STANFORD, Calif. - Mutant mice whose brains gradually become peppered with small holes resembling those found in prion disease lack a protein involved in disposing of cellular trash, say researchers at Stanford University Medical Center. The finding may shed light on how diseases such as Creutzfeldt-Jakob, bovine spongiform encephalopathy (also known as mad cow disease), and scrapie wreak havoc in humans and other mammals, and lends further support to the growing notion that glitches in protein turnover may be the unifying element in many neurodegenerative disorders.
Although the scientists caution that the mutant mice don't accumulate the misfolded protein, or prion, associated with the infectious forms of spongiform encephalopathy, the rodents' brains are dead-ringers for the brains of people and cows who have died from the disease. They speculate that the mutation in a ubiquitin ligase - a protein that flags other proteins for destruction by the cell's recycling machinery - may represent a downstream step in the cascade of events that leaves the brain looking somewhat like a kitchen sponge.
"No one really understands how or why spongy degeneration develops," said Gregory Barsh, MD, PhD, professor of pediatrics and of genetics in the Stanford School of Medicine, in whose laboratory the research was conducted. "Now we have a molecular handle with which to study it." The research is published in the Jan. 31 issue of Science.
Ubiquitin ligases are just a few members of a complex team of proteins that make up the ubiquitin pathway. Together they identify and physically tag abnormal, misfolded or simply worn-out proteins for dismantling in the cell's recycling center. Until recently they were about as glamorous as garbage collectors.
The study of neurodegenerative diseases such as Parkinson's, Huntington's and Lou Gehrig's upped the ubiquitin ante, however, with the discovery that patients' brain cells share a common trait: large clumps of proteins seemingly begging in vain for destruction. Prion diseases such as Creutzfeldt-Jakob, scrapie (a fatal disease affecting the central nervous system of sheep and goats), or bovine spongiform encephalopathy are also associated with accumulation of a specific protein. However, a direct role for the ubiquitin pathway has been identified only in an early onset form of Parkinson's disease - until now.
"This is the first convincing evidence that links spongiform disease to a ubiquitin-dependent protein turnover defect," said Lin He, the graduate student who performed the work together with Teresa Gunn, a former postdoctoral fellow in the Barsh lab. "We're really excited about it."
He and Gunn studied a mutation, mahoganoid, which changes the hair color of laboratory mice from brown to black. Previous research by He, Gunn and Barsh had shown that mice with a mutation in another coat color gene, Attractin, developed spongiform degeneration and body tremor. Because mahoganoid mutants share their darkened coat color with Attractin mutants, He and Gunn wondered if they would also develop holes in their brains. They did.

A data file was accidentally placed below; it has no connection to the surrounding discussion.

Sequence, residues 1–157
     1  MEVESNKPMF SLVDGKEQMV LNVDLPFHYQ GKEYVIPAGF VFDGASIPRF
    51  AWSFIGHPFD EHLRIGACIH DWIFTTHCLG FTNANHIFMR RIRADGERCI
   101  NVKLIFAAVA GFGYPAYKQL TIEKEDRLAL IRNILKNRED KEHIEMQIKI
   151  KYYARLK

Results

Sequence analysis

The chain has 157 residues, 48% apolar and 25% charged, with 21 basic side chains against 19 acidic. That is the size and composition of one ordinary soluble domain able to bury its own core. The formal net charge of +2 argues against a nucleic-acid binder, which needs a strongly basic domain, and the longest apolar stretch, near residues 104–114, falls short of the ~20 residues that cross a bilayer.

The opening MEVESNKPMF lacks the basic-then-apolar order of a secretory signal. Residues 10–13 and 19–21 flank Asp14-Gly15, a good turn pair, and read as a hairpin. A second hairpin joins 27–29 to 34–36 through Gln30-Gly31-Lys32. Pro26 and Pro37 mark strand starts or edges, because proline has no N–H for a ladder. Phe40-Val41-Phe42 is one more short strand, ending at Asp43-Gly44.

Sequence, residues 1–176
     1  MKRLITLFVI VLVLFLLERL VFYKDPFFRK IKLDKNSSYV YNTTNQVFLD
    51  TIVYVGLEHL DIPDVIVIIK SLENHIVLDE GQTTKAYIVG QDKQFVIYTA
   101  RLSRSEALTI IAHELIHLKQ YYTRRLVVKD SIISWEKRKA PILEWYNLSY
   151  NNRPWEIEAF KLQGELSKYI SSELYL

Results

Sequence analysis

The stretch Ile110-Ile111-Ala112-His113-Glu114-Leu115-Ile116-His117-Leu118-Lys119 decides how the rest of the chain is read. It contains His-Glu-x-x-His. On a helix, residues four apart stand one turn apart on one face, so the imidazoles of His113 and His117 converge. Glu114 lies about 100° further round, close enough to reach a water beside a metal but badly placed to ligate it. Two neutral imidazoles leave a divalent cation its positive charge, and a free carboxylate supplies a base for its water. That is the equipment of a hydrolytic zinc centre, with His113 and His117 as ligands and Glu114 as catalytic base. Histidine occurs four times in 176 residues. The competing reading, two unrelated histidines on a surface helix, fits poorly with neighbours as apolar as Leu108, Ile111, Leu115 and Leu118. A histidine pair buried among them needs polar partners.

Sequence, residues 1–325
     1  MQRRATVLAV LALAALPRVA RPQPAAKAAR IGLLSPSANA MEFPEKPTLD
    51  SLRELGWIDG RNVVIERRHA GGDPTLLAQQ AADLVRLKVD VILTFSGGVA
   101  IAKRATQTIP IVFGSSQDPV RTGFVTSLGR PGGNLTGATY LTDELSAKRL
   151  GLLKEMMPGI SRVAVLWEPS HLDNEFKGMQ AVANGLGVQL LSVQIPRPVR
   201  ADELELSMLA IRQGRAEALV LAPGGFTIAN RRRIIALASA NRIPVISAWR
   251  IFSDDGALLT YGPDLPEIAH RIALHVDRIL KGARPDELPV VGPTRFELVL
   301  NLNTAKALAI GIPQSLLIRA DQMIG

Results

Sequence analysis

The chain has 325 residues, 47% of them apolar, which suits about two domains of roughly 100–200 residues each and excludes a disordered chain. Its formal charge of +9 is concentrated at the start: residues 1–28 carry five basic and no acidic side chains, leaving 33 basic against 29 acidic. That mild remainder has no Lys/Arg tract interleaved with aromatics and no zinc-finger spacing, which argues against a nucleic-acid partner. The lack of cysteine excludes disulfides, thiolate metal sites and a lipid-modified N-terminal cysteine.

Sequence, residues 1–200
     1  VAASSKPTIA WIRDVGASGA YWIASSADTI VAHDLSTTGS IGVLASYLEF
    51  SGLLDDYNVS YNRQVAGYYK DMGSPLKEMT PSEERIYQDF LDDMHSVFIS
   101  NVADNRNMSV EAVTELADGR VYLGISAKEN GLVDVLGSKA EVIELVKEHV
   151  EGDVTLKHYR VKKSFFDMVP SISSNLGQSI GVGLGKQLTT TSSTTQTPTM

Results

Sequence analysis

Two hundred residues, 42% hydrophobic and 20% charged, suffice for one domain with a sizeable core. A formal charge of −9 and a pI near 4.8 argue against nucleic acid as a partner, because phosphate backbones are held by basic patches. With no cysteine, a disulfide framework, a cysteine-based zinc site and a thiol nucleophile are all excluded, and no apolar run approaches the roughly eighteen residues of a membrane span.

"In many ways, mahoganoid or Attractin mutant animals develop a prion-like disease without prions," said Barsh.
When He and Gunn cloned the gene responsible for the mayhem, they found that the mutants were unable to express a ubiquitin ligase they named Mahogunin. Mahogunin was also identified late last year by scientists at Columbia University School of Medicine. Further experiments by the Stanford researchers suggested that the Attractin gene either activates or permits the activity of Mahogunin in the pathway of destruction, and confirmed that Mahogunin can function as a ubiquitin ligase in vitro.
He, Gunn and Barsh speculate that the absence of Mahogunin leads to the buildup of a protein or proteins in the neurons, which causes damage and eventual neuronal death. The finding confirms many researchers' long-standing suspicions that the removal of unwanted proteins is vital to the health of neurons in the brain.
"The theme has been there, but now here's a striking example of how protein stability is critical in this disease as well," said Peter Jackson, PhD, Stanford associate professor of pathology who, together with a graduate student in his lab, Adam Eldridge, collaborated on the work. Now He and her colleagues face their next research hurdle in their attempt to connect the dots leading to neuronal degeneration and death: identifying the natural target for Mahogunin.
Additional collaborators include Stanley J. Watson, Jr., MD, PhD, professor of psychiatry, and Xinyun Lu, PhD, research investigator, both from the University of Michigan School of Medicine; and Aaron Jolly, a student at Cornell University.
Stanford University Medical Center integrates research, medical education and patient care at its three institutions - Stanford University School of Medicine, Stanford Hospital & Clinics and Lucile Packard Children's Hospital at Stanford. For more information, please visit the Web site of the medical center's Office of Communication & Public Affairs at http://mednews.stanford.edu .
Materials provided by Stanford University Medical Center. Note: Content may be edited for style and length.
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